Ismaily suggested they start recording as a duo, building the basic tracks. As the songs would reveal themselves, they’d bring in session musicians to fill in the gaps. “Almost everything that took place was deeply improvisatory,” Ismaily says. “A jazz trio would come in and no one would say anything to them. I would play them the song, we’d do three full takes, and they would leave. The depth of these players in that sense—and how pointedly they could connect to the center of a song—was so beautiful.”


Heartmind is a compact album. It is just eight songs and clocks in at only 40 minutes, making it easy to split on one vinyl record. It features some of McCombs’ strongest songwriting to date and a disparate yet cohesive sound. There’s knotty rockers (“Music Is Blue”), rootsy Americana (“Unproud Warrior”), Dire Straits-y pop (“Belong to Heaven”) and an experimental, Yo La Tengo-esque slow-burn (“Heartmind”). Like much of his work—and McCombs himself—Heartland is hard to fully pin down. Yet, somehow, it all just works.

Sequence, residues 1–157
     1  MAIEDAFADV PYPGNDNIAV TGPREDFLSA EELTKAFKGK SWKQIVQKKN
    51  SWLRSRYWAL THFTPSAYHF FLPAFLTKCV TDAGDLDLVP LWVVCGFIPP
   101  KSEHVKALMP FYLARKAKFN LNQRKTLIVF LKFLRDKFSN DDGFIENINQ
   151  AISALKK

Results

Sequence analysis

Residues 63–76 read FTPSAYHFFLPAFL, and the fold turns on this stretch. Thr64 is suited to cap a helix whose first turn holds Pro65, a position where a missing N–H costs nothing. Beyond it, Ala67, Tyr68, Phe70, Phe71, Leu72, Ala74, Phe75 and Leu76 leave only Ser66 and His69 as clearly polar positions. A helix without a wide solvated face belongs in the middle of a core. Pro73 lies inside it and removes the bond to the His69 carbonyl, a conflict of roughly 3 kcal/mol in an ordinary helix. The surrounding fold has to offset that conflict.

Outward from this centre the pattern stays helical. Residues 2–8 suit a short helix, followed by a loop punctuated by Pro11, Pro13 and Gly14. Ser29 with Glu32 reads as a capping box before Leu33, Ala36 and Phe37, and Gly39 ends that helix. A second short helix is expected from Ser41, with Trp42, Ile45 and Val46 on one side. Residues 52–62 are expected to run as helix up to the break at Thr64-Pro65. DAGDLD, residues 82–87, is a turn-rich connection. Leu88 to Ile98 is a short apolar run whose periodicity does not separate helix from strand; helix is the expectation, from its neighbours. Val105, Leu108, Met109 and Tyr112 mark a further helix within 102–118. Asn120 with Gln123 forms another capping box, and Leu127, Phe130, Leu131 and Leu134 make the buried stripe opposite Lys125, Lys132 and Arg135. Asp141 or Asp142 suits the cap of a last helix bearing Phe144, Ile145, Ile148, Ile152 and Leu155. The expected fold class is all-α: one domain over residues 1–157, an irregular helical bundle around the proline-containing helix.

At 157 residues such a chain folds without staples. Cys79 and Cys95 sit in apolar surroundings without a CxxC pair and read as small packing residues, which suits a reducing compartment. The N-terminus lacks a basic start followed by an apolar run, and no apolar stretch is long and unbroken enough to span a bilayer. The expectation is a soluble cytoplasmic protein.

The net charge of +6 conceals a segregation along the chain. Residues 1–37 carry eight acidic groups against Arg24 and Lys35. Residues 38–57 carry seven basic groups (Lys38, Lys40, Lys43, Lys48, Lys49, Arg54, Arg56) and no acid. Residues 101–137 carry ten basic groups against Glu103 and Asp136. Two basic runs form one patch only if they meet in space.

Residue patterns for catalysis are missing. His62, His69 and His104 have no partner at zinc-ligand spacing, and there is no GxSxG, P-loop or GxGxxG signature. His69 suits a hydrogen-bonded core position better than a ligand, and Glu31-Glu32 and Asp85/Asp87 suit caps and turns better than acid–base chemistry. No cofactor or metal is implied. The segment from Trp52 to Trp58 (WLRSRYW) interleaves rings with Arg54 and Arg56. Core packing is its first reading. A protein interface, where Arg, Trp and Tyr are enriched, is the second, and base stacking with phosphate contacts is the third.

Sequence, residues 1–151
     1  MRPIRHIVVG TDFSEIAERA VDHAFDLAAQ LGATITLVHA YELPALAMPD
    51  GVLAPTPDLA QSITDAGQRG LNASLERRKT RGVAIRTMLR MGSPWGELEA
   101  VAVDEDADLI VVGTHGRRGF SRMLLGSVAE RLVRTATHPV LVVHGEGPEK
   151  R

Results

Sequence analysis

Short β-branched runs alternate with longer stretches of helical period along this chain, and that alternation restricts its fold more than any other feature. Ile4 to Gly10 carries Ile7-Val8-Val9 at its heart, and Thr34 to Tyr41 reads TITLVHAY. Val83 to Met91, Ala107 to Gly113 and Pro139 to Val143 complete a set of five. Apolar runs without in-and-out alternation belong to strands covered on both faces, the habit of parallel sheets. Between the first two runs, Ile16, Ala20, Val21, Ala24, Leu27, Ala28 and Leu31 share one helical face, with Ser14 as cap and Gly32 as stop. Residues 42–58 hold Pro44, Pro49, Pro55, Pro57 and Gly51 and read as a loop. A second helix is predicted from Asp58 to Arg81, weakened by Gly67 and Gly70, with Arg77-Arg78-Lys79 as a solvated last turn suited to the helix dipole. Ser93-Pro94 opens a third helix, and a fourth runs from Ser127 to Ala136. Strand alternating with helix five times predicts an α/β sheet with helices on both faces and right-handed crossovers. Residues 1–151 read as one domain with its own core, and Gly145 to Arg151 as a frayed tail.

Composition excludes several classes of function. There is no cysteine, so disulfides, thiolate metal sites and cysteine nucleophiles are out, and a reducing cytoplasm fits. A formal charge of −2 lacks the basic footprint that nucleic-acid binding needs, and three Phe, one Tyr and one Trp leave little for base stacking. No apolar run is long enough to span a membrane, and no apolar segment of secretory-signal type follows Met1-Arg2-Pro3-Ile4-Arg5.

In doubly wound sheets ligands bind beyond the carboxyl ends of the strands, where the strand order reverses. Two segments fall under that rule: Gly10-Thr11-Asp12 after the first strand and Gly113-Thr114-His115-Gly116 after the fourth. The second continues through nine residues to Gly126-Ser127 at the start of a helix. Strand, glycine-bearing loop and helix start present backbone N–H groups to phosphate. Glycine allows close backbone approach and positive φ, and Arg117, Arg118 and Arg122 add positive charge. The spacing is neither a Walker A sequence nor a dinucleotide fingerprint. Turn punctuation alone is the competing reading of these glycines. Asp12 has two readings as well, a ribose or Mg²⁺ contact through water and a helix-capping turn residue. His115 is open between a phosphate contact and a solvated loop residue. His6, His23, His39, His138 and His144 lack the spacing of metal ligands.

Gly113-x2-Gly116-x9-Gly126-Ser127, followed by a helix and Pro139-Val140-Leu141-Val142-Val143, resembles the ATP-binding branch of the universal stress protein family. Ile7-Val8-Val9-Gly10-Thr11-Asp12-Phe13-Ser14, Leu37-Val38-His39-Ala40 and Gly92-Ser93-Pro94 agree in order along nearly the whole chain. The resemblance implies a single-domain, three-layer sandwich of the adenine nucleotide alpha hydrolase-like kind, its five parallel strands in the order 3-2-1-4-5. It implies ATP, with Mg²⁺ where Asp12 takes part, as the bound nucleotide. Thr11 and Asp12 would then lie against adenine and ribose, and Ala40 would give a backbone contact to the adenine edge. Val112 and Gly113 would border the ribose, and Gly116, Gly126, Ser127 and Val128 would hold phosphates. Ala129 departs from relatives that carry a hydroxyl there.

A San Francisco Bay Area native, McCombs splits his time between California and New York. (“Does anyone ever live anywhere?” he wonders aloud.) McCombs was active in the Bay Area DIY scenes as a teenager, melding folk, rock and psychedelic improv. “I have a complicated history with improvisational[1]rock music, if you want to call it that, because, in my high school years, that’s what I did,” he says. “It was anything goes—there were no rules.”

Though his ramshackle 2003 debut, A, was a mixed bag of freaky folk music, by 2009’s Catacombs McCombs had grown into a Pitchfork darling most often classified as an indie-rock musician—even if he didn’t always fit in with what indie meant then (or means now). “I really have a warm feeling for the indie approach that we had,” he says. “I was embarrassed by it for a long time. But now I’m like, ‘Fuck it, no, it’s hella cool what we did.’ We did it the hard way with broken-ass equipment. We somehow played weird house shows. I don’t know how it all worked out. It just kind of did.” 

As he evolved, his improvisatory tendencies would slip out. He recruited Gordon and Russo to play on 2013’s Big Wheel and Others; he jammed onstage with the Grateful Dead’s Bob Weir and Phil Lesh; he participated in the 2015 Brooklyn Is Dead Relix event with Russo, Real Estate’s Alex Bleeker, Soulive’s Eric Krasno, Darkside’s Dave Harrington and many others; he formed the cosmic-country band The Skiffle Players with Circles Around the Sun’s Neal Casal and Dan Horne.